Bookcrossing Convention, Day 2

What’s the number one thing you should do when entering a new time zone? Yep, change your watch. And what did I forget to do on Friday night? That’s right, change my watch. So my alarm happily went off at 7 am NZ time – which is 5 am Sydney time 🙁 And of course, once it had woken me up, my body clock, not as easy to change as a watch, said “it’s time to get up!”, and I was wide awake. It was getting light outside, so I decided to sneak out onto the balcony (well, I tried, but you just can’t sneak out of a top bunk, so I’m afraid I woke Lytteltonwitch up anyway – sorry!) to see if the view was as good as I remembered it.

It was.

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(The neon sign in the second photo is Kings Cross).

And by daylight, just to point out that you can see the Opera House and the Harbour Bridge:

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Now that we were both wide awake, we of course wanted to get out and start exploring the city (and releasing books!), so we thought we’d leave Littlemave and her family to sleep, and sneak out to find breakfast at a cafe somewhere.

First stop was the park, to release a few books: According to Jennings on a monument (where I had my first encounter with a (tiny) Australian spider – Lytteltonwitch released a book there too, and when we walked past later, mine was gone, but hers was still there, so we decided the spider must have eaten mine), and Anne of Green Gables on a statue of Captain Cook (probably should have left a NZ book there, I suppose!).

It’s always the little things that tell you you’re in another country. For me, it was seeing a mynah bird in the park
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and then later, while sitting in a cafe eating breakfast, several cockatoos swooping noisily overhead and landing on a rooftop opposite
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After breakfast, we decided to try and find an internet cafe (to make release notes on the books we’d released so far), and walked back the way we’d come in the taxi the night before. Of course, we couldn’t find one anywhere (Littlemave later told us if we’d only walked in the other direction, we would have found several within a couple of hundred metres!), but we released a few more books on our wanders: Only an Orphan on the steps of the Catholic Cathedral (seemed like an appropriate themed release – and so far is the only wild release in Sydney that I’ve had caught!), The Fire Raiser on a statue of Queen Victoria, and Women, Politics and Power in another part of the park as we walked back to Littlemave’s apartment (it occured to me later that I should have left that book on Victoria’s statue!).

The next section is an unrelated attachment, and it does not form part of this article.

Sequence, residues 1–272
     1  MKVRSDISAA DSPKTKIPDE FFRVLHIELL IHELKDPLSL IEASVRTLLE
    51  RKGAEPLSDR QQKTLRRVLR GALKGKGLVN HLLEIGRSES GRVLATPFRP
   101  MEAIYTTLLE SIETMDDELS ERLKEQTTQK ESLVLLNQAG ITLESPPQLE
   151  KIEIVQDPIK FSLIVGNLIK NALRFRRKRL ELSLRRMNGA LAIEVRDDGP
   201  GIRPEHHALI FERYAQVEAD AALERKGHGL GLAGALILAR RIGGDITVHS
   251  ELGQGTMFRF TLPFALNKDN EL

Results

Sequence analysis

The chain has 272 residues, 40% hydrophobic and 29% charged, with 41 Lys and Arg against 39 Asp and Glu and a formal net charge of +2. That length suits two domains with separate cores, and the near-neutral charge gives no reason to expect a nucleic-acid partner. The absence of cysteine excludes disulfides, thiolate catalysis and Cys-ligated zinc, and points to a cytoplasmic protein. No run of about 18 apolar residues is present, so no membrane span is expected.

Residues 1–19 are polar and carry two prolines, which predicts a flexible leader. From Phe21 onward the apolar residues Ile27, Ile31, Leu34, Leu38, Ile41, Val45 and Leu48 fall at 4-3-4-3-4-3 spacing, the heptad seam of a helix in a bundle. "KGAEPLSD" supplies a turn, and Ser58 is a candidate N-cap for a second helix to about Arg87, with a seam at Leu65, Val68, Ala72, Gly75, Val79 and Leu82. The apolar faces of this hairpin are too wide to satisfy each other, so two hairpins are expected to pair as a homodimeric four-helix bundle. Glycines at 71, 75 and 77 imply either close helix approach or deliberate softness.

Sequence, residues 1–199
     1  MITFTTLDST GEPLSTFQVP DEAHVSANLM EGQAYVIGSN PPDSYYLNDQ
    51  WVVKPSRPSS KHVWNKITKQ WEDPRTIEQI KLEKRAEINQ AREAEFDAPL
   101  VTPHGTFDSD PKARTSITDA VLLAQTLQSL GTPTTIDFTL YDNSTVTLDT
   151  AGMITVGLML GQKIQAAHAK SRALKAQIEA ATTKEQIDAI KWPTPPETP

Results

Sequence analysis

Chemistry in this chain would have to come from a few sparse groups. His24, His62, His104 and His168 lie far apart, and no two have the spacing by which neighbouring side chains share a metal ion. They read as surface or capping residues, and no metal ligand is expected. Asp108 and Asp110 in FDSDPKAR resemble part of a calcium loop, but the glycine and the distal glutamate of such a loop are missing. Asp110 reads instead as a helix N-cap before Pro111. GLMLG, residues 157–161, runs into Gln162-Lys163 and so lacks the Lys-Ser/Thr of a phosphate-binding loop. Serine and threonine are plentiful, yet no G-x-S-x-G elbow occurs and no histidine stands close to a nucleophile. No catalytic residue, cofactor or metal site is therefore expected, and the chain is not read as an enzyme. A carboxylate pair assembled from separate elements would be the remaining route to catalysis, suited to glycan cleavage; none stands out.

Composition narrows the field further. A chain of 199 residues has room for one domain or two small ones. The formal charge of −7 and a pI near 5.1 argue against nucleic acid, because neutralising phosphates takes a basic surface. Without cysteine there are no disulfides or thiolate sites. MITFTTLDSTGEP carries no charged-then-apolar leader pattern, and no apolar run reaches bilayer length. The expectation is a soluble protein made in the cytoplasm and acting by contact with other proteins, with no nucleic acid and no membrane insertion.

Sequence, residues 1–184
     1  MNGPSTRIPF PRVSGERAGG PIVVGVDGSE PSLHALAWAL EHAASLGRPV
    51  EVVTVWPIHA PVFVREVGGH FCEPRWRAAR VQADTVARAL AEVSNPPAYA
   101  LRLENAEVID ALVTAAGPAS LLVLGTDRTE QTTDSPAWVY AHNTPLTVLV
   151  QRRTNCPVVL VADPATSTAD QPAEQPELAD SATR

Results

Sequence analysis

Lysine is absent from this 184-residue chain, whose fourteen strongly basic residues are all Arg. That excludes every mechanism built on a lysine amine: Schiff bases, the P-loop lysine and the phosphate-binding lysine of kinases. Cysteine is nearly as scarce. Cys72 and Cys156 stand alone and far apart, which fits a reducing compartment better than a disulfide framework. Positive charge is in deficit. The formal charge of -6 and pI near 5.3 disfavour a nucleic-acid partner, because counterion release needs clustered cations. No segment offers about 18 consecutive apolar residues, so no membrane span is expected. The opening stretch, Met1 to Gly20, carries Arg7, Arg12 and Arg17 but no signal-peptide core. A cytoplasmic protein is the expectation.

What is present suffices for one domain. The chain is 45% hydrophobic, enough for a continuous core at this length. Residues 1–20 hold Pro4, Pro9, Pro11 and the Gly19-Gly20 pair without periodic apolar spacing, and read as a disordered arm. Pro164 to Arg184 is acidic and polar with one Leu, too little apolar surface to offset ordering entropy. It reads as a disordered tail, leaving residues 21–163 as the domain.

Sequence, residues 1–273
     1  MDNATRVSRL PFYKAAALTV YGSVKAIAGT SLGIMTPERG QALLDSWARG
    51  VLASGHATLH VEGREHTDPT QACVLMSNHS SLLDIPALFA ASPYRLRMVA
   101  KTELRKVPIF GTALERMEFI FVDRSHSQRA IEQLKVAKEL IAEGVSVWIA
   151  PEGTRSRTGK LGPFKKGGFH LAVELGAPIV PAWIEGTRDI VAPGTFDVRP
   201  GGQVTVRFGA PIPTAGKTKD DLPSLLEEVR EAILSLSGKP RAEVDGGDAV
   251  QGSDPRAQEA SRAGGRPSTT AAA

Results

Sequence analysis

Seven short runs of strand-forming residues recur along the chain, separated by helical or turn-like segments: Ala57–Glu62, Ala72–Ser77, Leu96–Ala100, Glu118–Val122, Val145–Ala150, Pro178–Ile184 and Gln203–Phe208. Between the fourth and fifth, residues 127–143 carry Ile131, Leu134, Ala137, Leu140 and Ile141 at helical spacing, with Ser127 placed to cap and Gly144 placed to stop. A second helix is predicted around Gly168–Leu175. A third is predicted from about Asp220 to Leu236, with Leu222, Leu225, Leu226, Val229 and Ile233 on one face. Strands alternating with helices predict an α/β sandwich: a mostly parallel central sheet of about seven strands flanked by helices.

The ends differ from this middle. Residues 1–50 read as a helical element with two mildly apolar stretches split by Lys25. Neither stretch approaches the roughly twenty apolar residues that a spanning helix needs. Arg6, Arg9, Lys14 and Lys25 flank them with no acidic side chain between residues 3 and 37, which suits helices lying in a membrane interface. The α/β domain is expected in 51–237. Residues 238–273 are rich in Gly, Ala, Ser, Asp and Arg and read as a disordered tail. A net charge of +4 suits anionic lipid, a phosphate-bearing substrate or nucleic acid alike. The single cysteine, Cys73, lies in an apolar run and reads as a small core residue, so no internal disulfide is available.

When we got back to the apartment building, we realised that we couldn’t get in – the night before, Littlemave had used a swipe card to get into the building, and to use the lift. There was an entry phone, but had either of us thought to take a note of the apartment number? No, of course not – all we knew was that it was on the 13th floor – we didn’t even remember Littlemave’s surname! We managed to get into the foyer, by dashing in when someone opened the door to come out, but the lift refused to go anywhere without a swipe card. Another resident came in a few minutes later, and we asked her if she’d let us up to the 13th floor, but she said each person’s card would only let them take the lift to their own floor. So it looked like we were stuck. We were just about to resort to pressing every 13th floor button and hoping we didn’t annoy too many of Littlemave’s neighbours before we found the right one, when the concierge arrived. “This is going to sound really stupid,” I said, “but we’re staying with some people on the 13th floor, and we don’t know their apartment number, or their surname. Their names are ***** and *****, and they’ve got three little kids…” Luckily, he didn’t throw us out on the street, recognised the Littlemaves from my description, and gave us the apartment number so we could use the entry phone.

I wrote the number down, just in case.

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